“Miss Rook, I am not an occultist,” Jackaby said. “I have a gift that allows me to see truth where others see the illusion–and there are many illusions. All the world’s a stage, as they say, and I seem to have the only seat in the house with a view behind the curtain.”
Newly arrived in New Fiddleham, New England, 1892, and in need of a job, Abigail Rook meets R. F. Jackaby, an investigator of the unexplained with a keen eye for the extraordinary–including the ability to see supernatural beings. Abigail has a gift for noticing ordinary but important details, which makes her perfect for the position of Jackaby’s assistant. On her first day, Abigail finds herself in the midst of a thrilling case: A serial killer is on the loose. The police are convinced it’s an ordinary villain, but Jackaby is certain it’s a nonhuman creature, whose existence the police–with the exception of a handsome young detective named Charlie Cane–deny.
Doctor Who meets Sherlock in William Ritter’s debut novel, which features a detective of the paranormal as seen through the eyes of his adventurous and intelligent assistant in a tale brimming with cheeky humor and a dose of the macabre.
Source: egalley from publisher Algonquin Books for review purposes and I was not compensated in any additional way. All opinions are my own.
Abigail Rook is newly arrived in America after she ran away from home looking for adventure. On her first day, with little money in her pocket and no real skills, she tries to find herself a job and stumbles upon an interesting man with a weird occupation. His name is Jackaby, and he investigates supernatural occurrences. He lets Abigail tag along, though he’s not sure she’s up for the job.
Abigail is reluctant to believe in the things that Jackaby does, but she wants and needs the job, so she’ll continue to be skeptical while assisting her new employer. There are a number of things that cause Abigail to begin to believe, beginning with the ghost who lives in Jackaby’s place of business.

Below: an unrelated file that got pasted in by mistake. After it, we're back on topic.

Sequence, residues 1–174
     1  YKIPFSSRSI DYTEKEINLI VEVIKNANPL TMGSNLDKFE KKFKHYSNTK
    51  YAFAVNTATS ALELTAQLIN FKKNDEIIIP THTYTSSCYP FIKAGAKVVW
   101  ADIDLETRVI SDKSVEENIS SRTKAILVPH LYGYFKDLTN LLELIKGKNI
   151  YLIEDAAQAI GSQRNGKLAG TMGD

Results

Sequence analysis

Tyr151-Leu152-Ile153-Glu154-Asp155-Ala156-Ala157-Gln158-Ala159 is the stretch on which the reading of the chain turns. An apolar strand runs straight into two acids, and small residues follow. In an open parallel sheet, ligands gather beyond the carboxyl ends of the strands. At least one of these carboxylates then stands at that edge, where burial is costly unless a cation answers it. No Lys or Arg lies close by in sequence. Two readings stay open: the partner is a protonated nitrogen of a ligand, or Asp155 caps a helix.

There’s been a murder at a local apartment building, leaving far less blood than there should have been. Then there is the banshee in the apartment upstairs who seems to be pointing to a new victim. It’s a lot to take in on Abigail’s first day. Add to that the adorable junior detective, Charlie Cain, who joins in with Jackaby and Abigail to help find the murderer.
I do love a good mystery, but the great thing about this book is the supernatural element. It’s told through Abigail’s point of view, which is good because we, the audience, are Abigail and Jackaby is our guide into this mysterious other world. Some of these supernatural beings are different than others that I’ve read about and I appreciate that. Jackaby is being marketed as a supernatural Sherlock and I can see why they would go there, but Jackaby is in a class by himself. He’s unique, I think. He’s someone I can’t wait to read more about. He’s an oddball, for sure, and socially inept, but still completely endearing. Abigail’s feistiness and general “up for anything” attitude makes her a great heroine. Together, they make a pretty great team.